All the Mystery, and Fear, and Terror, that Love Can Hold: Part 1
Part lyrical essay, part pulp fiction, Noam Toran’s new column is a serial narrative annotated by images and GIFs, that speaks of the problematic imprinting of Western mythologies and imaginaries onto the desert landscape. Drawing from the cultural, ecological, and imperial conditions of the American Southwest where he was born, Toran intersects personal and family experiences with longer and larger histories, hopping across time periods and genres, from 16th century Spanish expeditions to the paranoid atmospheres of the 1970s, and from science fiction to horror-comedy.
This is just a dirty little village in the middle of nowhere.
Nothing that happens here is really important.
Now get out. – from High Noon (1952)
My parents first suspected that their mail was being read when an attempt to re-gum a correspondence from my grandmother in Vilnius seemed to prove too difficult for whoever was doing the covert job. Apparently, the glue in Lithuania has a viscosity even the FBI can’t contend with, my father joked. My mother was not amused. In response, she drove to Albuquerque and mailed a letter to herself, which read:
Las Cruces, New Mexico is not a small town and it’s not a big town. It sits at the feet of the toothy, igneous Organ mountains, in the Rio Grande rift valley, and has the celebrated river running north to south on its western side, irrigating the neighboring farms on its way to serving as a border between the US and Mexico. On windy September days you can be overwhelmed by the sweet smell of chile as it’s being harvested. The desert landscape is arid, rough, and occupied by resilient and callous creatures - humans, animals, and plants alike.
In the 1970s, the town had two main employers: the State University, and the White Sands Missile Range (a third player arrived in the 1990s - Walmart). The social and political discords between the two institutions were not palpable when my family first arrived, in 1977. The town was by all accounts pretty sleepy, with pockets of southwestern charm, but also painfully disjointed in the typical way that only a really bad post-war urban renewal project could produce. My parents admitted later that their naivety to the forces that ran the town should have been killed off almost immediately, but they desperately needed to ‘make it work,’ and so kept telling themselves it was all coincidental, or bad luck, until maybe it wasn’t. It didn't help that the desert seemed totally ambivalent to honoring the consecrated borders between civilization and wilderness. Sand and dust storms, tempests of sagebrush pollen, waves of tumbleweeds, plagues of wasps and vermin swept through Las Cruces seasonally. My mother said she should have listened to her instinct when they drove into town for the first time, which was to just keep driving.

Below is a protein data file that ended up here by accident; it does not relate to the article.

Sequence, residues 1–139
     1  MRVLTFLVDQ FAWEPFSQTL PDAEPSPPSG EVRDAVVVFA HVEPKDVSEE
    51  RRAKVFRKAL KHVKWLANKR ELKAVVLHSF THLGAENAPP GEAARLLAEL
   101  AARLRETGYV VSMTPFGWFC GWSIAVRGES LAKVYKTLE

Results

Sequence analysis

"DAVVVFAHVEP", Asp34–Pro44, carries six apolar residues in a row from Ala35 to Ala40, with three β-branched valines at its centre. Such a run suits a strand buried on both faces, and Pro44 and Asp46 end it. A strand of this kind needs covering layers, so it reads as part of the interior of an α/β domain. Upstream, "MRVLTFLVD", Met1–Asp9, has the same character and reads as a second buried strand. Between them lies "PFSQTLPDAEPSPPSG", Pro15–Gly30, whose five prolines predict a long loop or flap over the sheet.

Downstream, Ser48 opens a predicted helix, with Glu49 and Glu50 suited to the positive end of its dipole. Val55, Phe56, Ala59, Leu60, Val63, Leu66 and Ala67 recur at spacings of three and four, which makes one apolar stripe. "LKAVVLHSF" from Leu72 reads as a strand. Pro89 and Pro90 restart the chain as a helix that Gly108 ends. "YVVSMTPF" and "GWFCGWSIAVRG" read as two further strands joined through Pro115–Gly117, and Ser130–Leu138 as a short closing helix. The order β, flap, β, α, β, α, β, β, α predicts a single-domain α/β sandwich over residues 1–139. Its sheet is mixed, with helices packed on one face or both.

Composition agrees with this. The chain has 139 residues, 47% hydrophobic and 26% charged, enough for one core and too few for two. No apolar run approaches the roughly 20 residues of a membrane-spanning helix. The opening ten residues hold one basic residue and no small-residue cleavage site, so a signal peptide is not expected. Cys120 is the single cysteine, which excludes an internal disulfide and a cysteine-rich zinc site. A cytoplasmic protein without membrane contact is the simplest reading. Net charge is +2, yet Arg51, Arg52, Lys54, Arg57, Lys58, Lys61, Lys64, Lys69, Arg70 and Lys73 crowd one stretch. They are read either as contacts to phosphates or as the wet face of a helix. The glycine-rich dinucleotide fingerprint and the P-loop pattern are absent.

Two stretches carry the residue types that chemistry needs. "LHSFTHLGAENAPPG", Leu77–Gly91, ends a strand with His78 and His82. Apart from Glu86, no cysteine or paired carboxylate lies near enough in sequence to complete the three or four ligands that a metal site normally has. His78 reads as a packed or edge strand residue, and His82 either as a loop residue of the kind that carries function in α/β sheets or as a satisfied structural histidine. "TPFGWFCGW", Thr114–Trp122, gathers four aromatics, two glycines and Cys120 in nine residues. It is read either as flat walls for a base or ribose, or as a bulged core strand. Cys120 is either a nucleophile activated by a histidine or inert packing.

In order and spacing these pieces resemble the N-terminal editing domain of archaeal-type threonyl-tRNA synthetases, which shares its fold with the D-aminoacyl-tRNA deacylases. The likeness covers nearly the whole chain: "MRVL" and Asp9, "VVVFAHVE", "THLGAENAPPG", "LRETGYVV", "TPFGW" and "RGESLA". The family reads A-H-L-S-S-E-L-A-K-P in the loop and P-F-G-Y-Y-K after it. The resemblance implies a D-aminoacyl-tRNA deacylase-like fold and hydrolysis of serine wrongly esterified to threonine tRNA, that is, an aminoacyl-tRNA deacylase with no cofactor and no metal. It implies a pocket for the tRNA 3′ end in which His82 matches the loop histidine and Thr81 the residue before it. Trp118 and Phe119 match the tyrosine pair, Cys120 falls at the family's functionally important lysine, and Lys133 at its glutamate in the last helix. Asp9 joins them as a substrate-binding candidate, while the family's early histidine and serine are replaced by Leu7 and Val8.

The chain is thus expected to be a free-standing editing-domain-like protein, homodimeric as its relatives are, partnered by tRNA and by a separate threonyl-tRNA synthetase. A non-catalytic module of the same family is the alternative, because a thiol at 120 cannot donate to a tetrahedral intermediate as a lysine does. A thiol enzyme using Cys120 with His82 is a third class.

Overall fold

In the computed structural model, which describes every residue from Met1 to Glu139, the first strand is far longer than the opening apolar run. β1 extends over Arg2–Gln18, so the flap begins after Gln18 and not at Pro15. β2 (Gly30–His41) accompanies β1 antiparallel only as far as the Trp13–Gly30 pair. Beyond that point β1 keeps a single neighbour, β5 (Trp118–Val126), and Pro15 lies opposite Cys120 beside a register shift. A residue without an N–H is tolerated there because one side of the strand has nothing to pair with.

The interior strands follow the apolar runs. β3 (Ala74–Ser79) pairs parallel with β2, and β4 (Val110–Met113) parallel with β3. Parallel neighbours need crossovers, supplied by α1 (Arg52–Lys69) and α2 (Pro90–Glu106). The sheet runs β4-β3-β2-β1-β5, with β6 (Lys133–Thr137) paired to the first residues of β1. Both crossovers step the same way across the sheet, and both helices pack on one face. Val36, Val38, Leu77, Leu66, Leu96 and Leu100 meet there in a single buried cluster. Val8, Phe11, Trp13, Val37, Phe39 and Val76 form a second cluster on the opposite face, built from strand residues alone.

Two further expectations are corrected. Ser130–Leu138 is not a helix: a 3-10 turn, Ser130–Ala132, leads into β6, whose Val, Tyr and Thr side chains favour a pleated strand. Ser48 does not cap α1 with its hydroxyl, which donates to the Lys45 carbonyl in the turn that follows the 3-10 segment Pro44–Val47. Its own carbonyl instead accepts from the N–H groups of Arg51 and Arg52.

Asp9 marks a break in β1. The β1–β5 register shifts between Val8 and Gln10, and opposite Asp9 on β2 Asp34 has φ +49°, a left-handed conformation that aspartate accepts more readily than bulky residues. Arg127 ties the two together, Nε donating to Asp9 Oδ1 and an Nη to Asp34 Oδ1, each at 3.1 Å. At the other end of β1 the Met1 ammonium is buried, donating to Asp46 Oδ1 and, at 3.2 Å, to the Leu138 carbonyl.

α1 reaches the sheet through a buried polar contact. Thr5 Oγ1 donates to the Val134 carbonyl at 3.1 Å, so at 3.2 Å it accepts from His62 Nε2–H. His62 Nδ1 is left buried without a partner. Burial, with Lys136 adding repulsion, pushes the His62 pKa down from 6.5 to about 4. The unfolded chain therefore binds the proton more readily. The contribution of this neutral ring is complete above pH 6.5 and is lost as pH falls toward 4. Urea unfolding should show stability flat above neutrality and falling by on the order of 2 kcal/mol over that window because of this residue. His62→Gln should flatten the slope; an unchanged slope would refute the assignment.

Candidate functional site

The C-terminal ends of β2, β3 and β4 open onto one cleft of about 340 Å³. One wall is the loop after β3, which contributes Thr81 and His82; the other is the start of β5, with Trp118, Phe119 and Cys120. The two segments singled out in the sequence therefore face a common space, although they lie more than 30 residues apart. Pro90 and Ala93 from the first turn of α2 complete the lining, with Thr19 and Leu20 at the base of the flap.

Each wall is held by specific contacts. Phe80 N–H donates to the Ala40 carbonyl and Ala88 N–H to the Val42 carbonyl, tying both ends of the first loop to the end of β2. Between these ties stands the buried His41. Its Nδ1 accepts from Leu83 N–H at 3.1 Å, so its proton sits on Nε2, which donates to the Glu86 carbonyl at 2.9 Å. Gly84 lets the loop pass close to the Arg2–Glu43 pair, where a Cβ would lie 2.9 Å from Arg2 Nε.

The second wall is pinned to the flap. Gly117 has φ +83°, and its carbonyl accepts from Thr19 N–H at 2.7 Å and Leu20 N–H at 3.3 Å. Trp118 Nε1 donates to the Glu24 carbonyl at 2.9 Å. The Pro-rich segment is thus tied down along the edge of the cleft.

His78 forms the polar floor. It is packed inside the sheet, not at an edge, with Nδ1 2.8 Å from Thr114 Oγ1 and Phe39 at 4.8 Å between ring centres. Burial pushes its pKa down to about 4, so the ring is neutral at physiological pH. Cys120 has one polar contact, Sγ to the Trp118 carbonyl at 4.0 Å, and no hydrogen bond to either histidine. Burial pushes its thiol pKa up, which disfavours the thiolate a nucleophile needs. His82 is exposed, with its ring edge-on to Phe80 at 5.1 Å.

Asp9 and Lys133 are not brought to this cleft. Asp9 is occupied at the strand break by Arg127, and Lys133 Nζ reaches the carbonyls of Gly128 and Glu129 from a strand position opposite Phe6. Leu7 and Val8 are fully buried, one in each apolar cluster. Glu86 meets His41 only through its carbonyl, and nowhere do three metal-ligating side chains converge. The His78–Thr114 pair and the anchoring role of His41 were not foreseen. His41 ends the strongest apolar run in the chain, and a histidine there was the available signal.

The region offers very good year-round viewing and pursuit of the red-tailed hawk, Gambel's quail, golden eagle, rock squirrel, desert mule deer, black bear, elk, oryx, javelin, cougar and coyote. Also watch for the black-throated sparrow, ladder-backed woodpecker, verdin, black-tailed gnatcatcher, lesser nighthawk, Scott's oriole, cactus wren, desert cottontail, and collared and tree lizard in the spring and summer. Please ensure you have a valid hunting license and comply with the state game and fish department requirements associated with that license. Hunting licenses can generally be purchased at any retail outlet that deals in hunting and fishing equipment, such as sporting goods stores. (From a New Mexico Game and Fish pamphlet, 1979)
Two janitors are dragging a large black bag across the desert floor. As she approaches, they begin singing a Pedro Infante song, she can’t remember which one. Then they point to the array of satellites on the far west side of the compound. They move synchronously upward, pointing towards a single point, maybe a single star. When she looks back the janitors are gone but the song remains. She remembers it now, it’s “No Volveré”. The black bag is still there. She pries it open, and sees the decapitated heads of the Rosenbergs, stitched onto the bodies of dogs. A lion’s mane of electrodes and wires fan out from their lifeless faces. A failed experiment.